5. Angler Phishing:

Fake accounts belonging to well-known entities are used in these attacks. An account handle that appears to be a genuine organization and the same profile picture is used by the attacker.

Attackers take advantage of consumers’ tendency to make complaints and request assistance from brands using social media channels to take advantage of consumers.

The individual instead of contacting the genuine brand, contacts the fictitious social profile of the attacker.

When they get such a request, they may ask the customer for personal information, so they can figure out the problem and respond appropriately.

Other times, the attacker links to a fictitious customer assistance page, which in reality is a hacked website.

Most Targeted Industries Under Phishing Attacks

Since financial gain is the major motivation behind most phishing attacks, attackers typically target particular companies that either hold credit card data or have the resources to make significant payments.

The following are the major industries that are targeted:

  1. Online stores
  2. Social media
  3. Banks and other financial institutes
  4. Payment systems
  5. IT companies
  6. Telecommunication companies
  7. Delivery companies

How to Prevent Phishing Attacks (Working Strategies)

Recognizing the dangers associated with phishing attempts and a few common justifications is the first step toward stopping them.

Considering how sophisticated phishing attempts are these days, someone will probably fall for one.

You shouldn’t give out your credit card info unless you’re 100% confident in the site you’re visiting.

If you’re going to share your data, make sure you check the legitimacy of the website, the legitimacy of the company, and the safety of the website itself.

Additionally to these precautions, the top strategies for shielding your data and systems from phishing assaults are listed below:

1. Recognize the Signs of Phishing Scams:

New phishing attack methods are being developed all the time, but they all share commonalities that can be identified if you know what to look for.

You can find many sites online that keep you up to date on the latest phishing attacks and key identifiers.

Regular security awareness training can help you avoid a potential attack by sharing the latest attack methods with your users.

2. Free Anti-Phishing Add-Ons:

These days, the majority of browsers allow you to download add-ons like Netcraft that identify obvious signs of a dangerous website or warn you about well-known phishing websites.

There’s no excuse not to have this loaded on every device in your company they are often entirely free.

3. Security Awareness Training:

Security awareness training is important to prevent phishing attacks. This training should educate employees on the harm of phishing and teach them how to spot and report suspicious attempts.

Simulated phishing attempts can help organizations assess their own risk and make their workers more resilient.

When employees click on simulated phishing emails, it is important to tell them about the risks and remind them how to report suspicious emails.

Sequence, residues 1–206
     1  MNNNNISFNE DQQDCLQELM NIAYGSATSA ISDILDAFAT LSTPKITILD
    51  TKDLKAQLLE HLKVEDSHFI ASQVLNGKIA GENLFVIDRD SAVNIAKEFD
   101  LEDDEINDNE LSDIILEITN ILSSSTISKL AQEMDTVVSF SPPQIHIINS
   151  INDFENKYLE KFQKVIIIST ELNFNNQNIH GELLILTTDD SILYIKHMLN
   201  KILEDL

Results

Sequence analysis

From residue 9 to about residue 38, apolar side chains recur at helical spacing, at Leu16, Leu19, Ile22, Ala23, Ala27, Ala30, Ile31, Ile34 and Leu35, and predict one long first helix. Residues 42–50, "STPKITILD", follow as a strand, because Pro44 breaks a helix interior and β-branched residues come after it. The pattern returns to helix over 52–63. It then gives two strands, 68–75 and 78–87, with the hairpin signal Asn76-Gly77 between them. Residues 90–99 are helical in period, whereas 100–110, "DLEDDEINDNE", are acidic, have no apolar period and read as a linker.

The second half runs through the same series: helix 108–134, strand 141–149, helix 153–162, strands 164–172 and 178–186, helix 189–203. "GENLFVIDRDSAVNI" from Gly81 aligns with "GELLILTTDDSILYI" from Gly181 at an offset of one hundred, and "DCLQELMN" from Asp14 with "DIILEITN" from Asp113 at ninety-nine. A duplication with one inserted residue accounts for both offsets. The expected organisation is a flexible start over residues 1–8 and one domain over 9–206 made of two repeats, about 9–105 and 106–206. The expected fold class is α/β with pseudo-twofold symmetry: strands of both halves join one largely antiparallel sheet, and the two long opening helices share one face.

Organizations may concentrate on enhancing security protocols, fortifying training, and expanding anti-phishing methods by keeping an eye on the outcomes of these initiatives.

4. Use Strong Passwords & Two-Factor Authentication:

Use complex passwords for all accounts and don’t share passwords. Use two-factor authentication whenever you can.

This makes things more secure by requiring a second check to make sure everything is okay.

5. Update Your System:

It can be annoying to get many updates and it’s easy to ignore them. Avoid this. Security patches and updates are released for a reason, most often to keep up with modern cyber-attack methods by patching holes in security.

If you don’t update your browser, you might get hacked because of bugs that could have been fixed easily.

6. Stay Cautious with Emails and Malicious Links:

Be careful when opening emails or clicking on malicious links. Don’t download attachments unless you know they’re important and from a reliable source.

It’s usually not a good idea to click on a link in an email or instant message. The minimum you should be doing is hovering over the link to see if the destination is the right one.

Some phishing attacks look like a copy of the real site, set up to record keystrokes or steal login/credit card information.

If you can go directly to the website by using your search engine instead of clicking on the link, then do so.

7. Avoid Unsecure Websites:

If the website’s URL doesn’t start with “https” or you can’t see a padlock icon next to it, don’t enter any sensitive information or download files from that website.

Sites without security certificates may not be designed for phishing scams, but it’s better to be safe than sorry.

8. Avoid Pop-Up Scams:

Not only are pop-ups annoying, but they are frequently connected to malware in phishing attempts.

You may now download and install free ad-blocking software on most browsers, which will automatically prevent the majority of dangerous pop-ups.

9. Regularly Change Your Passwords:

To stop an attacker from having unrestricted access to your online accounts, you should make it a practice to change your passwords frequently.

Your accounts may have been compromised without you knowing, therefore changing your passwords regularly can help to keep criminals out and avoid further attempts.

10. Use Anti-Phishing Tools:

Make use of anti-phishing techniques and technology that can identify and stop phoney emails and websites.

By putting up a barrier between your computer and the attacker, firewalls are a useful tool for preventing external assaults.

When used together, both desktop and network firewalls can improve your security and reduce the chances of a hacker infiltrating your environment.

Just like phishing attacks, you can also become a target of ransomware attacks, don’t forget to have a look at our guide here.


Training and awareness are important if firms want to stay ahead of cybercriminals. Learning about the various phishing attack types that attackers use can help you and your company avoid the negative effects of a cyberattack.

Knowing how phishing works and how it works will help you and your team spot warning signs in fake messages.

Organizations need to keep workers informed about the most recent phishing and social engineering tactics, with user-based awareness training being the most important line of protection.

Educating employees about upcoming threats lowers the chance and solidifies the firm’s dedication to cyber security.